Proverbs 27:17

Proverbs 27:17

Tuesday, November 14, 2023

Matthew 6:9-13 (Daily Verse and Comment)

  Matthew 6:9-13

(9) In this manner, therefore, pray: 
Our Father in heaven, 
Hallowed be Your name. 
(10) Your kingdom come. 
Your will be done 
On earth as it is in heaven. 
(11) Give us this day our daily bread. 
(12) And forgive us our debts, 
As we forgive our debtors. 
(13) And do not lead us into temptation, 
But deliver us from the evil one. 
For Yours is the kingdom and the power and the glory forever. Amen. 

  Luke 11:2-4

(2) So He said to them, “When you pray, say: 
Our Father in heaven,
Hallowed be Your name. 
Your kingdom come.
Your will be done 
On earth as it is in heaven. 
(3) Give us day by day our daily bread. 
(4) And forgive us our sins, 
For we also forgive everyone who is indebted to us. 
And do not lead us into temptation, 
But deliver us from the evil one.” 
New King James Version   Change Bible versions

Jesus' simple introduction, “In this manner, therefore, pray,” indicates that He intends the prayer to guide His disciples in their everyday prayers. (In fact, the verb “pray” is present tense, imperative mood in Greek, suggesting habitual performance.) It is a kind of outline or model on which they can hang their own words as their circumstances warrant.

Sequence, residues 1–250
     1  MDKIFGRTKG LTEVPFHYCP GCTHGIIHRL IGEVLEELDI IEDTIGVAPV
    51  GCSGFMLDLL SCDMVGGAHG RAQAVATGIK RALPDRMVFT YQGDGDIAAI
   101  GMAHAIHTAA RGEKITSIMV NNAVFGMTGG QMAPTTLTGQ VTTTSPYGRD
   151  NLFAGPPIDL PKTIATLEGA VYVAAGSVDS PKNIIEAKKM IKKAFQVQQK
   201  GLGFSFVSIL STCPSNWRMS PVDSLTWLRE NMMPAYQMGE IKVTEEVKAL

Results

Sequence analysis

Generally, the outline provides a primary focal point of prayer: the Father Himself. Praise and honor of God begins and ends the prayer, forcing us to acknowledge the Eternal God's holiness and power. We should never forget that the One listening to our words is the Almighty, Ever-living Sovereign of the universe and that we live and act by His grace.

After this, Jesus points to every Christian's goal: the Kingdom of God. It is God's goal, too, the height and culmination of His purpose for humanity. For millennia, the Father and Son have been working (John 5:17) to bring it to pass, first on earth during the Millennium and Great White Throne Judgment, then for eternity throughout the universe. It is God's will that we cooperate in making it happen, so we must ensure it is top of mind as we pray.

Christ places our personal needs in the middle of the prayer, covering daily needs, forgiveness, and help with trials and Satan's opposition. God realizes that we are still fleshly beings who need constant physical and spiritual maintenance and frequently fail to live up to His standards. We can take our needs to Him in prayer to receive the help we need, whether food for the table or a respite from the Devil's attacks.

Jesus never intended His model prayer to cover every situation or problem. For instance, He leaves out praying for the church or the healing of the sick. But it does give us our priorities: God Himself, His Kingdom, and doing His will. If we keep those things in mind, our prayers will grow in spiritual maturity, and our lives will better represent our Savior before the world.

— Richard T. Ritenbaugh

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